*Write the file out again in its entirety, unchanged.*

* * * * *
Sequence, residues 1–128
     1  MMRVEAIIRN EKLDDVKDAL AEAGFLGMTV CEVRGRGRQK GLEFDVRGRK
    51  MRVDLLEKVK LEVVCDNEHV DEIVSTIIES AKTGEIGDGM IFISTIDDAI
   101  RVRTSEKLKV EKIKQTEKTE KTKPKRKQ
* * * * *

Sequence, residues 1–128
     1  MMRVEAIIRN EKLDDVKDAL AEAGFLGMTV CEVRGRGRQK GLEFDVRGRK
    51  MRVDLLEKVK LEVVCDNEHV DEIVSTIIES AKTGEIGDGM IFISTIDDAI
   101  RVRTSEKLKV EKIKQTEKTE KTKPKRKQ